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Dick Ellis Blog:
3/8/2019
With Spring Turkey season just around the corner, Henry USA sent us a video now posted on our homepage that I know you’ll get a kick out of. The point is though, young hunters and smaller hunters won’t get a kick out of it at all. The wait for a gobbler can be too long to question whether or not you’re packing the right turkey load when he does show up (Dick Ellis Photo) Henry wanted to test the viability of their beautiful ...
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A SHORE THING...No boat, no problem with gamefish hungry

Editor’s Note: This story on shore fishing took place in May of 2009 on Delavan Lake in southeast Wisconsin. Check regulations for possible bag changes, etc. when taking these trips yourself. I can’t locate the photos for this story for some reason but will post as soon as I do. Sorry.  Dick

The No-boat blues quickly turned to a hallelujah hymn of celebration Wednesday night when a shore thing turned into a shore bet during a rain-soaked, Wednesday night assault on Delavan Lake gamefish.  Walleyes, bass and northern pike all sent big fish representatives to snap on the lures offered by Dave Sura and Bob Merriman of Racine and eighth grade anglers Michael Pletta and Blake Fox of Menominee Falls during the first week of Wisconsin’s inland fishing season.  No boat?  No problem.

An addiction to fishing doesn’t always translate to a budget that allows the angler to purchase a boat.  Dave Sura knows that purchase is somewhere on his horizon, but he has never let the wait stop him from landing big fish and lots of them fishing the harbors and tributaries of Lake Michigan and inland lakes that allow public shore access. Often, the trips are made with long-time friend Merriman.

Sura was the perfect teacher to match with young anglers Pletta and Fox, who also have the fishing bug but not always the opportunity to fish.  Sura had made several successful trips to target crappies and bluegills from shore prior to the Wisconsin inland fishing season, and was making the transition to focus on gamefish.  Most often, he said, his success the last week in April on panfish in southern Wisconsin will be experienced a week or two later (now) in northern Wisconsin due to warming water temperature differences, which triggers spawn.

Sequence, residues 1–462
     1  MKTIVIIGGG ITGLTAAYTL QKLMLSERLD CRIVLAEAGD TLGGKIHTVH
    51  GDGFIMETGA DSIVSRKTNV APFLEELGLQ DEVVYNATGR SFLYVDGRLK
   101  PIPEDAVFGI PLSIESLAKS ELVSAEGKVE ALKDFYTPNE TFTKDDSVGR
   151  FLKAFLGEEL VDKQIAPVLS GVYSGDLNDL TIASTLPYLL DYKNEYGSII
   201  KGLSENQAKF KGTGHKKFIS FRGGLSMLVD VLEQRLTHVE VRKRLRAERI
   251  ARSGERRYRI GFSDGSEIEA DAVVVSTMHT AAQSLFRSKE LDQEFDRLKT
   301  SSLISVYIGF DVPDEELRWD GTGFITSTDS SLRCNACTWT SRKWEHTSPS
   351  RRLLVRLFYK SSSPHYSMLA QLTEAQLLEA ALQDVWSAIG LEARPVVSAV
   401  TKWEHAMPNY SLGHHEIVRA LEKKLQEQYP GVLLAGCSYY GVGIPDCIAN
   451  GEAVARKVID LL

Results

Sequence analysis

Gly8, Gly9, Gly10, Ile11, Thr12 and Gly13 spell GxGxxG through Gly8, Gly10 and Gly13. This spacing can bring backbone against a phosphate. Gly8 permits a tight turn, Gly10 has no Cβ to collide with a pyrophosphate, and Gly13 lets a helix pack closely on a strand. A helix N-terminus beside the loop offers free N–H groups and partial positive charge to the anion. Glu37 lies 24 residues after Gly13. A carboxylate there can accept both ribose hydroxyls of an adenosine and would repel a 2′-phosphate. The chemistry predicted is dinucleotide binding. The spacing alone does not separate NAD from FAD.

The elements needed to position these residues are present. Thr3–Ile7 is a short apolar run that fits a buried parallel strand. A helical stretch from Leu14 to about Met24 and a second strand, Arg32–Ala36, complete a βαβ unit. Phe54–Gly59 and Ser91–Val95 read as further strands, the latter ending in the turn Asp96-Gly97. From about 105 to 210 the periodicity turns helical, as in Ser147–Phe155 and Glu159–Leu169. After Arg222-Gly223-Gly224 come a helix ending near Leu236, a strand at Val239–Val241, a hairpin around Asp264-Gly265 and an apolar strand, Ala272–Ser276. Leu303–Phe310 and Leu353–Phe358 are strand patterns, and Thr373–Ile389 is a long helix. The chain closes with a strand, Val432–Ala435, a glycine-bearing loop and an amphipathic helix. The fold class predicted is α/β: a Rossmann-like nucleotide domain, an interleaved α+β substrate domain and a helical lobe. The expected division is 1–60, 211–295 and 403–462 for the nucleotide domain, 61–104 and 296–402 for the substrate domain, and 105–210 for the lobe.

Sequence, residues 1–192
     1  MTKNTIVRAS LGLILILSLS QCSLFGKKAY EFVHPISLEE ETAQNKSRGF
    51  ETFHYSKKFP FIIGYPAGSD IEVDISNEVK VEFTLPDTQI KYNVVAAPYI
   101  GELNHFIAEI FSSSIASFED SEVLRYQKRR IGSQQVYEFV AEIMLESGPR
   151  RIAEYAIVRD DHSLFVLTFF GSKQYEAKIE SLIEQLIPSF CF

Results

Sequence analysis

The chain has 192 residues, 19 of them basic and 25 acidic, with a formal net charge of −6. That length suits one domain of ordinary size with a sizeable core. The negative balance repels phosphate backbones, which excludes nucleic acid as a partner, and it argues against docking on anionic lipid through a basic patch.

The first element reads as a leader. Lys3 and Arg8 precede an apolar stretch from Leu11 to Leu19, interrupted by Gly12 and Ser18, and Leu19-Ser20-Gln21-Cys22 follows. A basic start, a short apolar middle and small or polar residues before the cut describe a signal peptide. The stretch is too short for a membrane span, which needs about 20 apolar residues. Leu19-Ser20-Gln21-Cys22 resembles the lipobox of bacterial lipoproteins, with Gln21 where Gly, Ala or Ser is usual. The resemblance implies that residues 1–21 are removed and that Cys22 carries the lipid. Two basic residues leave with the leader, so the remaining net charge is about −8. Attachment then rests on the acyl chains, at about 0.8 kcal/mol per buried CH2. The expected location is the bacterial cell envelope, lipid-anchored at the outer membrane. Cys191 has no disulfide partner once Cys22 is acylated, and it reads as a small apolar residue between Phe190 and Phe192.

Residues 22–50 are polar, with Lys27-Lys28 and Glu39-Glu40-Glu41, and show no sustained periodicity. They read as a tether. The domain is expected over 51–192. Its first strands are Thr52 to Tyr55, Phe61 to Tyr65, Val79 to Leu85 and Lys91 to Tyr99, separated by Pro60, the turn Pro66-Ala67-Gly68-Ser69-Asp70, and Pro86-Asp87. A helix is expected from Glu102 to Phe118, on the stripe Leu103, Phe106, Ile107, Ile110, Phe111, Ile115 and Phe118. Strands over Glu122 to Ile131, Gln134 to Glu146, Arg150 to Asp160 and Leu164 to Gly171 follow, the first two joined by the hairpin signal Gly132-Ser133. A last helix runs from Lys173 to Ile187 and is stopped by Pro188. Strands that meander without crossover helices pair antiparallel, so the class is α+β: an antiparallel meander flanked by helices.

“I was fishing for crappies by a creek inlet on the north end of the lake,” he said.  “The sun beats on the water there and the southerly winds bring the warmest surface water to that end of the lake.  Right now, (May 6), down here the bluegills are still in pre-spawn and the crappies are spawning or already in post-spawn.  I kept about 20 of the bigger crappies taken from shore. The six or eight gills that I kept were between eight and nine inches.  The gill fishing should pick up now.  Crappies will spawn at 60 degrees and gills will spawn more like bass at between 62 and 65 degrees.”

Sura found most success on the pannies armed with 2-inch Gulp Fish Fry in pink or chartreuse with a 1/32nd or 1/64th, uncollared jig-head on a four-pound fluorocarbon leader.  The Wisconsin opener May 2nd allowed the transition to gamefish but the pannies remain a priority, especially for the frying pan.

“Normally in the south the crappie action will begin in mid-April with the gills about two weeks later.  In the north crappies normally start in late April or early May with the gills following.  Prime time in the north should be happening as people read this. Post spawn is a little harder for the shore fisherman than pre-spawn and spawn.  In post-spawn, except for the males that stay to guard the nest the fish are migrating out to deeper water where they find new weed growth.”

Fox and Pletta joined Sura and Merriman Wednesday night while I worked the camera.  With heavy rains blowing in from the west, we had the peninsula protecting the boat launch on Delavan to ourselves for shore fishing.  Just two other anglers would eventually join us as we were battered by high winds and steady rain.  The young anglers, despite being underdressed and unprepared for the storms, would not even entertain the idea of an early departure.  They agreed to a trip back to the truck where Fox was fitted…or not so fitted… with a reporter’s adult sweatshirt.

Blake immediately found nice panfish but when the fish wouldn’t cooperate with Michael, he changed to his own rod and tackle box weapons and found a willing 18 inch largemouth on his first cast with spinner bait. Everyone caught fish but Merriman in particular would have a rare evening from shore.

Numerous small northern pike and bass would be taken and released by the Racine mail carrier before two walleyes in the 18 inch class stung crankbaits and offered a sign of something special yet to come.  Soon after late arrival Brian Williams of Trevor caught and released a 33 inch pike at dusk, Merriman won a fight with a northern that stretched the tape to 38 inches. All the fish were released.

“We use stick baits from shore for walleyes, pike and bass,” Sura said.  “X-Raps are by far the best bait for shore use because they have a weight-transfer system that allows the bait to be cast further than anything else.  Bob caught those fish on perch-colored lures but we have also been using blue and silver and gobie-colored X-Raps.  Swim baits like little paddle-tailed plastics also work well.  What we use depends on the water clarity.  When the water is dirty, throw bright colors.  When it’s clear, use more natural colors like green or blue.”

When the skies cleared just before sunset a rainbow hung over us like an exclamation point on the evening’s fishing. It said you don’t always need a boat to experience very good fishing in Wisconsin; north or south.

Every once in a while, the shore thing is the shore bet.